There was a large chunk of time I had all my phone notifications turned off but still used Instagram.
You would think that without notifications it wouldn’t be too much of a distraction. So did I. I was so wrong.
Just the presence of the app was enough for me to pick up my phone almost unconsciously to go to the app, swipe down for fresh content, and then scroll through content for 10–15 minutes.
And of course, there were times when I actually posted something — maybe a post or story. What followed was constantly checking the app to see how my upload was performing the rest of the day — sometimes even the rest of the week.
All these distractions of course meant less time to do meaningful focused work.
More Focus on Self Than Others
Most people’s Instagram profile is composed of their life’s highlights. Even worse, for some people, it’s composed of total lies.
Most photos uploaded put people’s real faces behind filters to give people smoother skins, sharper faces, and every feature that Instagram’s proprietary AI models think is attractive.
In an environment like this, it’s natural to compare yourself to others. Compare your life to someone else’s life highlights.
I did not find myself doing this too often, however, it did happen from time to time.
The negative effects of social media on teenagers are well documented. However, you don’t have to be a teenager to be affected. People from across all ages can find themselves comparing themselves with others and being miserable.
Since I deleted Instagram, that focus changed. I started focusing more on myself and my life, than grading my life based on how others were doing.
Better Sleep Routine
To have a good night’s sleep you need to have a good evening or nighttime routine.
Smartphones, especially ones equipped with Instagram, do not help that cause.
Previously, it was very tempting to bring the phone with me to bed just to scroll through the day’s updates — until of course, you realize an hour in that you don’t care about any of these updates!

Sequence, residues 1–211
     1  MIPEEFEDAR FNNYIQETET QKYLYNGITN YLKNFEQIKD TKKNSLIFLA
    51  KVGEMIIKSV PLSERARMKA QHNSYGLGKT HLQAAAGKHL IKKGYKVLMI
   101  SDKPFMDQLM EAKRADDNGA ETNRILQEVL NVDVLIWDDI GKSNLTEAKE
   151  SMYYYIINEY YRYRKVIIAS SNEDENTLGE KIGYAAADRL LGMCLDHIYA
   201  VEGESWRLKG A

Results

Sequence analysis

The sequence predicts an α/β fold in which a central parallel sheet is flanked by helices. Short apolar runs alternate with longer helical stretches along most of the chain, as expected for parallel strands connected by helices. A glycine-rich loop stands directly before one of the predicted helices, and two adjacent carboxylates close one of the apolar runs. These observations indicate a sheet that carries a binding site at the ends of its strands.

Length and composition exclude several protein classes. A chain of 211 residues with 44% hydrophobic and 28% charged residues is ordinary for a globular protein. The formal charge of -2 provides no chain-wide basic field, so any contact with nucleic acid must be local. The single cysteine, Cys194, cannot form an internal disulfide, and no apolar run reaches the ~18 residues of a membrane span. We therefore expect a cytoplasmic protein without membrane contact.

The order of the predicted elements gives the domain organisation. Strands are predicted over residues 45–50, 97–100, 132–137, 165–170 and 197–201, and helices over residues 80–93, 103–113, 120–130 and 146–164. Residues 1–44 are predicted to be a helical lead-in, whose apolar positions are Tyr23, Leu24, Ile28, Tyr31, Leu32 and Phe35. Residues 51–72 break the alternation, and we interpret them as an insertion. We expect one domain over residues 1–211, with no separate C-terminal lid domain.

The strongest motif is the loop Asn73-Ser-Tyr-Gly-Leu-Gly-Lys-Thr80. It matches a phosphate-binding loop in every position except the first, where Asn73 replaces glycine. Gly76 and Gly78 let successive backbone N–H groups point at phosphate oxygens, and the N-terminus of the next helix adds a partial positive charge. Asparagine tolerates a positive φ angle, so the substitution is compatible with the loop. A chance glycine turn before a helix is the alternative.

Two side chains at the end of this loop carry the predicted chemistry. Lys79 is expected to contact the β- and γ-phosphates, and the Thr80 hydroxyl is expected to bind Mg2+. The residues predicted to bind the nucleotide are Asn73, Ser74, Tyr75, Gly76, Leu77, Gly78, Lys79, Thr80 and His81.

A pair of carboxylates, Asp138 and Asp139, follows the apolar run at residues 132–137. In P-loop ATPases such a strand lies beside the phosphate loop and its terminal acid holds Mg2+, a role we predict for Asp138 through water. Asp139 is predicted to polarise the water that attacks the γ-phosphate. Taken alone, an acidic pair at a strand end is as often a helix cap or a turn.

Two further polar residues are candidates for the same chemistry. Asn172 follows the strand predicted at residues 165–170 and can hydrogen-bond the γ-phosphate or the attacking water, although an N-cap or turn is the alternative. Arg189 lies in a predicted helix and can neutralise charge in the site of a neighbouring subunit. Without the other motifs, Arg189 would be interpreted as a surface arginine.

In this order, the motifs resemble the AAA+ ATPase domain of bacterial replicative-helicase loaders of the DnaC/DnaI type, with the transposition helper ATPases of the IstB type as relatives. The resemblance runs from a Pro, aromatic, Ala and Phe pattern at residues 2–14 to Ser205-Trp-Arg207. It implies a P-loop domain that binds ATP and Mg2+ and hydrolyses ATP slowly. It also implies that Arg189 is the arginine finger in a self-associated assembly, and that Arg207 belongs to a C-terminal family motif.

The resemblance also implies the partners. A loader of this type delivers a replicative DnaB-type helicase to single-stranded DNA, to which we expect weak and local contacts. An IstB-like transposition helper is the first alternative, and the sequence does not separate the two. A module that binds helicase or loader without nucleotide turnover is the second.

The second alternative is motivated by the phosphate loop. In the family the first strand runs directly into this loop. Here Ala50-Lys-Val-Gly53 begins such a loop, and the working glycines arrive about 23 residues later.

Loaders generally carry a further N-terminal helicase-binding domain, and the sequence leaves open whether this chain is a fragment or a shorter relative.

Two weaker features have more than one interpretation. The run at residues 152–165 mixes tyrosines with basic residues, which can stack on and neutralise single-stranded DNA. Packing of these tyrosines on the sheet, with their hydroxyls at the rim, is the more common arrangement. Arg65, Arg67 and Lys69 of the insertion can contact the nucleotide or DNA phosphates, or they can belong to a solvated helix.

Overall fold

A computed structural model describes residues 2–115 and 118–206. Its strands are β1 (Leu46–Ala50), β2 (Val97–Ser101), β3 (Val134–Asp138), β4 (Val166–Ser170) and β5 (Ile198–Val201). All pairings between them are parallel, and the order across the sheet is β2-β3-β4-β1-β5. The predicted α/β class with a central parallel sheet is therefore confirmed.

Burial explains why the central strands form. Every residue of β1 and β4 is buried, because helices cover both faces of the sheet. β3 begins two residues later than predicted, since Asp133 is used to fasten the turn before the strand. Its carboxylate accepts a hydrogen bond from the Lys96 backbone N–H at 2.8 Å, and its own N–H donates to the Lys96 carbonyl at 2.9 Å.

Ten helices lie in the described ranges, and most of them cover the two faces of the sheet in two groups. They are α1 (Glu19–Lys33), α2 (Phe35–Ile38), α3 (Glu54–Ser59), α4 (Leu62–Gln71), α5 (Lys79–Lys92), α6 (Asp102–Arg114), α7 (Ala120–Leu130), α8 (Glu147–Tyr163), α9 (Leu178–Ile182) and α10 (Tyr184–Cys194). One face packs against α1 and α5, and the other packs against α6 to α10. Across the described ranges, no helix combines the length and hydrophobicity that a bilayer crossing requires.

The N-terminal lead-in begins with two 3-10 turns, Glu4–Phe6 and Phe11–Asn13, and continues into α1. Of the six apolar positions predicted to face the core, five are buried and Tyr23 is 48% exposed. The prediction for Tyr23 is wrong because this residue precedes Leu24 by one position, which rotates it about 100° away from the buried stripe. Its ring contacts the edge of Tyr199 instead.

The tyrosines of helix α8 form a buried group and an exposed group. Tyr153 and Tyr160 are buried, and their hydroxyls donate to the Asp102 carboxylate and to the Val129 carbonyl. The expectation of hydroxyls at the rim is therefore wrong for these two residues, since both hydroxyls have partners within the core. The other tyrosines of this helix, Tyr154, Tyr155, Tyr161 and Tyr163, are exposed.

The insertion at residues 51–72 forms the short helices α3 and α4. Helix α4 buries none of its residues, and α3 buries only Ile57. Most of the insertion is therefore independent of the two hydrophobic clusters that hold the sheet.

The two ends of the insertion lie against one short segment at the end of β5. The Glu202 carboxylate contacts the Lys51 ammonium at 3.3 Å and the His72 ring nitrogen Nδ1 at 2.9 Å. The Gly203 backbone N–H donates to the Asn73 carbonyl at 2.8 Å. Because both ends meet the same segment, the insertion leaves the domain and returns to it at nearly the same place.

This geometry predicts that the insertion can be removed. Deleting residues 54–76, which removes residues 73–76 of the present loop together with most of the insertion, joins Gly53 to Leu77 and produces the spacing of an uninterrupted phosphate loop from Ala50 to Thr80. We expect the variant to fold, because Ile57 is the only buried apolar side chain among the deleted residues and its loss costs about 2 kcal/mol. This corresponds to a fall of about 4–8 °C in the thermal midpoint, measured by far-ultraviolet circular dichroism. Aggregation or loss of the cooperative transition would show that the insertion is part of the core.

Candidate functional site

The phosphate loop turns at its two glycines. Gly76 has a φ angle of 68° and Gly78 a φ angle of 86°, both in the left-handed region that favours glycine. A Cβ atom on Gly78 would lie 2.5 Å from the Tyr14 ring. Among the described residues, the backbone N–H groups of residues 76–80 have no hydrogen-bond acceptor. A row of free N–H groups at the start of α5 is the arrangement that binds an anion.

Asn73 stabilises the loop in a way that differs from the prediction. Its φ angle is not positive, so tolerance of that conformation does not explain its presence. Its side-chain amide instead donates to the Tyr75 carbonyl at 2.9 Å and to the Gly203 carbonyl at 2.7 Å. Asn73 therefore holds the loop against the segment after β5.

Even the mornings were a dread. I used to wake up early, but spend 45 minutes to an hour on my phone before “actually waking up”.
These habits totally went away the moment I deleted Instagram.
You Still Stay Connected with Friends and Family
There are much better ways to stay connected with friends and family than using Instagram.
Seeing stories and posts — and reacting or commenting on them — gave me a false sense of “connectedness” with friends and families. I could go months without talking to them, still having the feeling that I was somehow connected to them.
That kind of connection is very shallow.
Since I stopped using Instagram, I realized how many people I thought I was connected to, but I really wasn’t.
That’s not to say I don’t care about staying up-to-date with people’s lives if they are not close friends or families. However, I don’t have to do that every second of every day.
Instead, now I use Instagram from my browser once a week or every other week. That’s enough time to get an idea of what people in my network are up to.
Also, the less addictive desktop experience means I am in and out of Instagram very quickly.
I hope you found this a valuable read and have some takeaways that you can go ahead and implement in your wonderful lives.